CHINA: The Caixin China General Manufacturing PMI was reported as 50.0 percent for September 2021 to move up from a 49.2 reading in August. The upward movement stopped a four-month slide and business optimism improved based on the promise of an end to the pandemic, company expansions, rising customer demand and new product launches.


“Delivery and availability of raw materials, primarily carbon steel, are becoming more and more difficult to source. This has resulted in delaying order deliveries. Computer numerical control (CNC) machining services are at a premium; it’s difficult to get the deliveries needed to complete jobs. Traditional in-house machining now has to be outsourced due to a lack of experienced machinists. All this has had a negative impact on production throughput.” Fabricated Metal Products

“Our company’s entire supply chain continues to have significant challenges getting manpower, which is impacting production of parts and ability to meet daily build schedules. Additionally, the logistics problems — especially port delays and a shortage of shipping containers — are significantly impacting inbound and outbound shipments. Raw materials costs still are at record highs, and we have raised customer pricing, with additional increases in the near future due to labor costs going up. Huge customer orders are nine months out (due to) backorders. Seeing this domestically and internationally.” Machinery

“Many electronic components and assemblies shortages showing up (due to) port issues, lack of containers and other issues. Problematic, but nothing completely shut down yet. Watching COVID-19 restrictions country by country.” Computer and Electronic Products

“The impacts from Hurricane Ida on the petrochemical industry has put additional stress on an already fragile supply chain. Logistics with intermodal containers and motor carriers continues to be a challenge for planning deliveries of materials.” Chemical Products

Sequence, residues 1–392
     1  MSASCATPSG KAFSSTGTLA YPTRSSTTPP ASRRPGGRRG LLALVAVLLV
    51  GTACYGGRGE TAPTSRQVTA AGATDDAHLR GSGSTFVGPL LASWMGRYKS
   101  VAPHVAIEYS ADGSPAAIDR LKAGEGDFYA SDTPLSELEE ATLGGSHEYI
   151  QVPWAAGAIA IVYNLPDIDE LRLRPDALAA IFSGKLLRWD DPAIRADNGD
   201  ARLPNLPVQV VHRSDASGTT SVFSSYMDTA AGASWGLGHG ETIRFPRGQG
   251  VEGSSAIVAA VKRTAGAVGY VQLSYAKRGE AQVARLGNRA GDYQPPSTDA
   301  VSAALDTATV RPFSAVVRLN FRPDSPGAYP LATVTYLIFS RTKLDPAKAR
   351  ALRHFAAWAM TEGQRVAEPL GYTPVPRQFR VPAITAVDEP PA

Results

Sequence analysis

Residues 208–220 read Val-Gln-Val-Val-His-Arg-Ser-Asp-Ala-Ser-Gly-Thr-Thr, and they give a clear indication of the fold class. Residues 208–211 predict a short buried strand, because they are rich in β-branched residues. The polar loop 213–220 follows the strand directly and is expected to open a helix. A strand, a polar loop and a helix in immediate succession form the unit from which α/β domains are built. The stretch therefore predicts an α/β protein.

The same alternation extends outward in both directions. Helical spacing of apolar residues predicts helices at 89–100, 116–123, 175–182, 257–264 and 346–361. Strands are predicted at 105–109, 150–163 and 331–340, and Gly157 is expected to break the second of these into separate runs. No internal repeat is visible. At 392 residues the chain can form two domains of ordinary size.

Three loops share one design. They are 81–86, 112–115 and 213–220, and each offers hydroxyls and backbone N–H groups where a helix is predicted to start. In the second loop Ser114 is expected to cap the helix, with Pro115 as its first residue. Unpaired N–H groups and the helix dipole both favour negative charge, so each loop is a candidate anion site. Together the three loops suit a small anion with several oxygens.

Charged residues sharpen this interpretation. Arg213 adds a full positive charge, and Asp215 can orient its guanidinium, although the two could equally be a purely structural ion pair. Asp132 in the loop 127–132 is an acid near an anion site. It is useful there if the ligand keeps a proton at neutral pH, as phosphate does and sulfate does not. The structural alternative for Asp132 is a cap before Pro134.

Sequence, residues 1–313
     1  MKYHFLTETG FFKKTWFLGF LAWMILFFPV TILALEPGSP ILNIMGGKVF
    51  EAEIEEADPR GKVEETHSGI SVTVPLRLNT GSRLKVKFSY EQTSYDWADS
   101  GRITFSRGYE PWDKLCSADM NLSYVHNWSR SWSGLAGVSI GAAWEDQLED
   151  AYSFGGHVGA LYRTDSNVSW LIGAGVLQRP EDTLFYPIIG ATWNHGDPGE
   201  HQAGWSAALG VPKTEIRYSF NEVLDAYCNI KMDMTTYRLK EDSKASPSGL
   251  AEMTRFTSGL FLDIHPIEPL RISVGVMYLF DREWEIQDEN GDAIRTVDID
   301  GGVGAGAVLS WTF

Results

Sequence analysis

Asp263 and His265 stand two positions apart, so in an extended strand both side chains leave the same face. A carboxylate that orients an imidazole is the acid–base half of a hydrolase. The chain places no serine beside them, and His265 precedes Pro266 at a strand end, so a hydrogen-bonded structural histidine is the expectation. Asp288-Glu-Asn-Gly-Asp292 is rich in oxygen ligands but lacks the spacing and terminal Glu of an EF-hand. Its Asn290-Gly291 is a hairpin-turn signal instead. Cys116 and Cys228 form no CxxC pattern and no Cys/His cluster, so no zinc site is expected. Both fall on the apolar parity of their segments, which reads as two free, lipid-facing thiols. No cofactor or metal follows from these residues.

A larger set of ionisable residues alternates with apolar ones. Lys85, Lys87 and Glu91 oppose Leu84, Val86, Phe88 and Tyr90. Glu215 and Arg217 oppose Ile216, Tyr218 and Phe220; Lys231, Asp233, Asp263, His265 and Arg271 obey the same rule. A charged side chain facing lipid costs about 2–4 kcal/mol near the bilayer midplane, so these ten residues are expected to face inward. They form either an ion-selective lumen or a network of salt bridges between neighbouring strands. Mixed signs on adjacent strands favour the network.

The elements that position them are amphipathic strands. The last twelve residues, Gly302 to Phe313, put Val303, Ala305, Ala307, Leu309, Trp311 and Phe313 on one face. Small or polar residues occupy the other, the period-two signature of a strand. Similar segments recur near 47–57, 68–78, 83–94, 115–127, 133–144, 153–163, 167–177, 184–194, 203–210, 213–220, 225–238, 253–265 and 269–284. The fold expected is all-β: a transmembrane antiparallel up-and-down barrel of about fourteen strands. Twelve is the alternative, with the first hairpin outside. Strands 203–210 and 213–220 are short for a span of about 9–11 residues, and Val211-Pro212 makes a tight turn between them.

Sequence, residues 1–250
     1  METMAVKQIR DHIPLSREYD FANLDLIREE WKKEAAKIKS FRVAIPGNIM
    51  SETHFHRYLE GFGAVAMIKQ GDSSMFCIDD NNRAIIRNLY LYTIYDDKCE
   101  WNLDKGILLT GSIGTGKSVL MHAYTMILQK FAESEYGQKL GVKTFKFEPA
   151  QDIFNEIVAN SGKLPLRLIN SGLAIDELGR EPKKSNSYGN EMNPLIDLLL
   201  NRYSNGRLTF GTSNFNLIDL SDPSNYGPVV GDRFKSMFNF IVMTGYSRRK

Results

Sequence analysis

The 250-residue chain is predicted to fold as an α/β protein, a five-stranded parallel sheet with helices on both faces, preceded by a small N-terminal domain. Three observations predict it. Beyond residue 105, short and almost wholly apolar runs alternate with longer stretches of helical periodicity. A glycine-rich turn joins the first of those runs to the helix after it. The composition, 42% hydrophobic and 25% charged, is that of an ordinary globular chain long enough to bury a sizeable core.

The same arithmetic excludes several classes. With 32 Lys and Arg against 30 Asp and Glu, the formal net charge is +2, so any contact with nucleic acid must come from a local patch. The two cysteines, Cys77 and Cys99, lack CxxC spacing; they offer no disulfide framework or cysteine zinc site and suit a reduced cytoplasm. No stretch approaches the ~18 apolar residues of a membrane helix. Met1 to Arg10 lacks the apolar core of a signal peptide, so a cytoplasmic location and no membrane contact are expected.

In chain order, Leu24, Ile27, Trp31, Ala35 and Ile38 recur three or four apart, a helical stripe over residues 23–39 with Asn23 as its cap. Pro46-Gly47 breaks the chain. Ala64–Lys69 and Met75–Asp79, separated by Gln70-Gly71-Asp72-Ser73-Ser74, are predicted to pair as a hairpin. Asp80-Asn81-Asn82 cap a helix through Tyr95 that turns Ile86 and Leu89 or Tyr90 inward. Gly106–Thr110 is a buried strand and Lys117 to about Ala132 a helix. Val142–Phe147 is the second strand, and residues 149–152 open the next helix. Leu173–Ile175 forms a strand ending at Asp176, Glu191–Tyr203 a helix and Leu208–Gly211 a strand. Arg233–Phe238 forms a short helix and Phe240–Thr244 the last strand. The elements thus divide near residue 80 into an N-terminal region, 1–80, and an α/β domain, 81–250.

“In the U.S., labor availability is the most significant supply challenge for our company, with raw materials just behind. Plastic resin, polyurethanes, small-volume steel purchases and electronics are the biggest material challenges.”
Transportation Equipment

“Lack of labor and escalating costs from every direction are very concerning.” Food, Beverage and Tobacco Products

“Ocean freight delays creating disruptions in many areas. Southeast Asia supply continues to be challenged due to COVID-19 outbreaks.” Furniture and Related Products

“Customer demand continues to swell as we prepare for the fourth quarter, and overall growth has been extremely good for the year. Supply chain concerns are growing beyond electronics and chips into most other commodities. Lead times are extending, shipping lanes are slowing, and we will not see an end to this in 2021.”
Electrical Equipment, Appliances and Components


ISM GROWTH SECTORS (17): Furniture and Related Products; Petroleum and Coal Products; Machinery; Electrical Equipment, Appliances and Components; Computer and Electronic Products; Chemical Products; Apparel, Leather and Allied Products; Textile Mills; Paper Products; Printing and Related Support Activities; Miscellaneous Manufacturing; Food, Beverage and Tobacco Products; Fabricated Metal Products; Transportation Equipment; Primary Metals; Nonmetallic Mineral Products; and Plastics and Rubber Products.


Credit: Institute for Supply Management®, ISM®, PMI®, Report On Business®. For more information, visit the ISM® website at

Related Posts